My students are required to practice their reading assignments every night. It is helpful if a parent or older sibling is available to follow along and listen to the child as he or she reads from the text. As always, independent practice is encouraged. In addition, the children reading on higher levels have specialized vocabulary sheets that they are required to study for almost every story that they read.
Language assignments vary, depending on the material and current activities that we doing in class. At times, my students will have an assignment sheet to do. It may be either one that I have written specifically for them, a page that has been reproduced from their Practice Workbook, or other material that I have extracted from a wide variety of texts and sources that I use. In addition, throughout the year, the children are given study sheets that I write myself. They are intended to reinforce what is being taught in class, and should be reviewed every night.
In addition to the above-mentioned assignments, my students are required to practice their spelling words four times each on a nightly basis. Each of their lists is individualized with the addition of nonphonetic 'red words' that require rote memorization.
Students who receive in-class support from me in the area of mathematics are mainstreamed in a regular education class for that subject. However, they are still responsible for the same assignments that are given to the regular education students. These assignments, while given by the regular math teacher in that class, are modified at my discretion. In addition to doing the written homework assignments required by their homeroom teacher, the students are also expected to review their math notebooks on a nightly basis. Students who receive math instruction in a resource room setting are expected to study their basic number facts nightly. The third graders, for example, should be concerned with knowing their addition and subtraction facts; the fourth graders should be learning their multiplication facts up to 9 X 9. In addition to independent study, all resource room students who haven't finished their classwork assignment should do so for homework.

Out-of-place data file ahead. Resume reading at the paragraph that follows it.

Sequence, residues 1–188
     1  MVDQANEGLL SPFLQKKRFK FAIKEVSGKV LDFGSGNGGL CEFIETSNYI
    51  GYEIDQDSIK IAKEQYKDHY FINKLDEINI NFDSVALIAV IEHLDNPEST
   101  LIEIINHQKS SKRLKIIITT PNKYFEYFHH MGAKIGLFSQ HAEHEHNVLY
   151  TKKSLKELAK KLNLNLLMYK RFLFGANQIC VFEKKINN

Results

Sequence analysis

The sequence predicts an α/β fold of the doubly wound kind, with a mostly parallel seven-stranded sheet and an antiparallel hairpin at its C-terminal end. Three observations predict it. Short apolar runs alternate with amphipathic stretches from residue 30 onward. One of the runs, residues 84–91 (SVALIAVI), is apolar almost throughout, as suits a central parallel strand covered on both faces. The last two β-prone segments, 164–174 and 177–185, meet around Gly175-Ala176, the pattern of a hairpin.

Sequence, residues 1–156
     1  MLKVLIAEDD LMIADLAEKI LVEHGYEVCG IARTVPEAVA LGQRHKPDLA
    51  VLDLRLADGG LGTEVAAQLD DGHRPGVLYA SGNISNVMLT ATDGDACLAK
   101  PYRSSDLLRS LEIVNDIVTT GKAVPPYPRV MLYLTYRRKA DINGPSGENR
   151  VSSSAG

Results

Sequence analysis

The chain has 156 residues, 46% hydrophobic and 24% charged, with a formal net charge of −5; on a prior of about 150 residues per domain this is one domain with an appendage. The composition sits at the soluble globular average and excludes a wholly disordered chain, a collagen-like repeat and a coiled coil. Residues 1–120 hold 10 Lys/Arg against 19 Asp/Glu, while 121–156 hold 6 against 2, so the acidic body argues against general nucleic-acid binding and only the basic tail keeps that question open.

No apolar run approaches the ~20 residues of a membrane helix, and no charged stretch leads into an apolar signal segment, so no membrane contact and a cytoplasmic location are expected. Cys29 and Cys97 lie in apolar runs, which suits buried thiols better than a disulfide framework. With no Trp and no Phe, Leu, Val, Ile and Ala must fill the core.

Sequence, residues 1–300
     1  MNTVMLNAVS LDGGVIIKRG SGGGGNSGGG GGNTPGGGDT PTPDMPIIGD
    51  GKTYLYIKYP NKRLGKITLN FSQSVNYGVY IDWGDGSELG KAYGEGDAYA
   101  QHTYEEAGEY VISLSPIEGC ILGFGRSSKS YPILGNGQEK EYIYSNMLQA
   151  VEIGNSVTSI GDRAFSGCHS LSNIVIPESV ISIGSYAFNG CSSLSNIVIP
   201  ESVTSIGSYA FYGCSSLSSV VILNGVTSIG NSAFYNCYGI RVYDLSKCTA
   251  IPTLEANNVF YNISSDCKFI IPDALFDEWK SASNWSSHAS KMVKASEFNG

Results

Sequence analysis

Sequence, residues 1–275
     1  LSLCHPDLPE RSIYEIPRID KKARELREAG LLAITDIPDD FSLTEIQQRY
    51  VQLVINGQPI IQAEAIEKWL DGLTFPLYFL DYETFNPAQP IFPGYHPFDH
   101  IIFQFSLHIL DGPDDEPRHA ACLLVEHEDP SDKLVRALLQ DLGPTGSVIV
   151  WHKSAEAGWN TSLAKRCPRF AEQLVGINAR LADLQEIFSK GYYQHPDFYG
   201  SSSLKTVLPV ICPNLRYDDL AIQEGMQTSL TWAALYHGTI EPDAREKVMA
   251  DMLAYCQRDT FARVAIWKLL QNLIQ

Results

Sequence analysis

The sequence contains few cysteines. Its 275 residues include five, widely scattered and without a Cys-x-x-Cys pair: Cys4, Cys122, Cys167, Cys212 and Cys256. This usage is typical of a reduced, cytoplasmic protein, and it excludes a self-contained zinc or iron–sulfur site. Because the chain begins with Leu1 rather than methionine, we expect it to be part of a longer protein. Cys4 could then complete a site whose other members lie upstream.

Finally, it is important to remember that regardless of where a student is being served, a certain amount of independent study on the part of each child is required in order to learn and master the material being covered in class.
Any student who is having difficulty, or in need of extra help, is welcome to come in after school. I am usually available to my students Monday through Friday, from 3:00PM to 4:30PM. In the event that I am already scheduled for a tutorial on a day that a child stops by, I will make arrangements to see that student the following day. I am also available in the morning from 7:35AM until 8:05AM. There may be occasions when I deem it particularly urgent that a child receive special help. In such instances, I will require the student to see me during the second half of their lunch period, so that he or she can beassured of receiving the extra help that is needed.
8:40 - 9:25
5th 209 Monday-Friday
9:25 - 10:10
5th 209 Monday-Friday
10:10 - 10:55
Social Studies/Science (ICS)
5th 206 Monday-Friday
Social Studies/Science (ICS)
5th 207 Monday-Friday
1:10 - 1:55
1:55 - 2:40
Note: Math and Classroom Consultation periods have been switched on Wed, Thur, and Fri due to issues with the schedule.